I have a "two-part" answer to your question:
1) The value of Tg is the point where the material begins to change more radically, but that doesn't mean it is not acceptable to exceed that temperature. For example, if you measured the Z-axis expansion of a material as you raise the temperature, you would see a graph that is roughly linear up until it approaches the Tg temperature, and then after that the curve (or ramp) would change more radically. Just because the material is expanding at a different rate aboove Tg doesn't mean you can't exceed that temperature for short periods of time to accomplish your soldering. Some articles you read will discuss the fact that after several thermal excursions that material will start to degrade (well, technically after each thermal excursion the material has degraded), which is why the number of rework cycles is often held to a limit
2) Although you say "normal" FR4 is Tg 125, I think if you polled a few fabricators you would find that people are "typically" using a higher grade. We use materials that are more in the range of 150-170, and lead free designs are calling for Tg 170 and up.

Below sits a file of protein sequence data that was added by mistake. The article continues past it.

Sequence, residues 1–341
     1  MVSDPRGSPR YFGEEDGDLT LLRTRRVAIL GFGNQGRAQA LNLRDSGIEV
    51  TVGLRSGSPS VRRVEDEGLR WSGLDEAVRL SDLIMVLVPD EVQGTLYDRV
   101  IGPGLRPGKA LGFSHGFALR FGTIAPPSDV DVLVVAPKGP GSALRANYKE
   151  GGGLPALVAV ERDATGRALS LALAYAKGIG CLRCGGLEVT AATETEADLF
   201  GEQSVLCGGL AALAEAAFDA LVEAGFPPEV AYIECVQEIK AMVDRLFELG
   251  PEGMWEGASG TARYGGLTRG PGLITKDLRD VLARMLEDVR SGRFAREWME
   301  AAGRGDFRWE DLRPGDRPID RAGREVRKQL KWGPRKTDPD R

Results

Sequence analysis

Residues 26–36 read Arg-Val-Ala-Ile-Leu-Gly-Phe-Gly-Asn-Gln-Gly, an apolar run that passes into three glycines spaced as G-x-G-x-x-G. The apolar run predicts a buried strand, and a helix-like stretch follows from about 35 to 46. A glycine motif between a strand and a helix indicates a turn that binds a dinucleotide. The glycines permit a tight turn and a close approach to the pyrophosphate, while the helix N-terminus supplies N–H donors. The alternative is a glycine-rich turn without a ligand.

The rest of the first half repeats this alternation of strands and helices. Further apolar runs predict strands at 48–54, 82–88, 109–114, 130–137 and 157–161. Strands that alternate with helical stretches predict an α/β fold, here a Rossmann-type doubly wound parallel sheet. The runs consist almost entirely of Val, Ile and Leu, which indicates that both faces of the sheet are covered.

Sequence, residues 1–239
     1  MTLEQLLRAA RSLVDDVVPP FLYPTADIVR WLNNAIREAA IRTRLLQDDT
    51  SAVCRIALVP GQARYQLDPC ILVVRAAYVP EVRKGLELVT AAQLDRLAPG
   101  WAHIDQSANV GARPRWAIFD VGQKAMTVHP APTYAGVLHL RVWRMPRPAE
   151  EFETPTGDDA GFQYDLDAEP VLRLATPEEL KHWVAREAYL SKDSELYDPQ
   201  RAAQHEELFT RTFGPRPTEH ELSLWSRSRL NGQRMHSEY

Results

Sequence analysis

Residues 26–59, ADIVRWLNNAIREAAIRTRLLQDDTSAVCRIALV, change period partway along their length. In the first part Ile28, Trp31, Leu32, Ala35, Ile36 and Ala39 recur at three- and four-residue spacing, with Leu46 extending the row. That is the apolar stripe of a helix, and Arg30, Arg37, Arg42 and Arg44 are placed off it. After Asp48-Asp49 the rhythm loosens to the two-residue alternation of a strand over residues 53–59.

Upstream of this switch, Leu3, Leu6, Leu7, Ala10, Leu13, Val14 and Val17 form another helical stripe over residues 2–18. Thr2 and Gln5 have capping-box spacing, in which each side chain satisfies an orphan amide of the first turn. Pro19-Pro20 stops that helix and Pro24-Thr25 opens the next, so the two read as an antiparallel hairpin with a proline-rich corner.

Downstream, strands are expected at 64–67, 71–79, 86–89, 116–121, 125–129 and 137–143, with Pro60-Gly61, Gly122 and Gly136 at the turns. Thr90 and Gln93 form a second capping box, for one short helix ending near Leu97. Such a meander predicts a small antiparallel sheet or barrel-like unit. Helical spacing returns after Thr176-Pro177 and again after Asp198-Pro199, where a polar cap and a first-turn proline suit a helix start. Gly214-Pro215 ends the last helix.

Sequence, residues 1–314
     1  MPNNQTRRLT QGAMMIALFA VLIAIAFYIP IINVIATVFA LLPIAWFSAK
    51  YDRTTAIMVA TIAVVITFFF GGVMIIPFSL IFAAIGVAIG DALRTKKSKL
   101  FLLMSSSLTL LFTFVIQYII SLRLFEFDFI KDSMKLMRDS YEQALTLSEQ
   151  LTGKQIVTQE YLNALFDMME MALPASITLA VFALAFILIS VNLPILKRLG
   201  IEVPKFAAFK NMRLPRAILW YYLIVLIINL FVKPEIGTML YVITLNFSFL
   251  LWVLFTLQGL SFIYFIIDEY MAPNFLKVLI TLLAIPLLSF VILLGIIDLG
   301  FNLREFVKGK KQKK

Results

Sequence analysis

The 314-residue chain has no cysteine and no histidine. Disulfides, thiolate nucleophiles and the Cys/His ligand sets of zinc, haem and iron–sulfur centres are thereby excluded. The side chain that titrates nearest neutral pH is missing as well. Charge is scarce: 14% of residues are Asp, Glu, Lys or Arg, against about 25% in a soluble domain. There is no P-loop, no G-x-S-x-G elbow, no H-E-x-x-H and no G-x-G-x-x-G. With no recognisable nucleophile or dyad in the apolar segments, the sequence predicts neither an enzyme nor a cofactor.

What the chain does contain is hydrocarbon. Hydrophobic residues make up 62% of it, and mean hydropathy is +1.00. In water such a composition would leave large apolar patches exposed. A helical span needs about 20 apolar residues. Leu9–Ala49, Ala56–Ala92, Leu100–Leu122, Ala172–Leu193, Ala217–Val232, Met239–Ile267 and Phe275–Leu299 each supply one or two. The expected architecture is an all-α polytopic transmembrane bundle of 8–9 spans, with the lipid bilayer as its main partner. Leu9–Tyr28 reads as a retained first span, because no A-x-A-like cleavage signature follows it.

p.s. You probably already know this, but you should never design a product to run at a normal operating temperature near the Tg for your material. For example I think a 170 Tg material should never be operated above (something around) 135 for any length of time.
hope that helps, Jack
Thanks Jack. I got better understanding of Tg temperature from your answer.
I realize I didn't answer one of your main questions about components, but that is not an area that I know much about.
There is another forum hosted by the IPC called TechNet (not trying to drive people away from here, but it has over 1200 members already)
Standard FR-4 should not be used in this case, as you point out the Tg is way too low.
You do need to use a substrate with a higher Tg like 370 HR. I use this and FR406 frequently
on RoHS designs.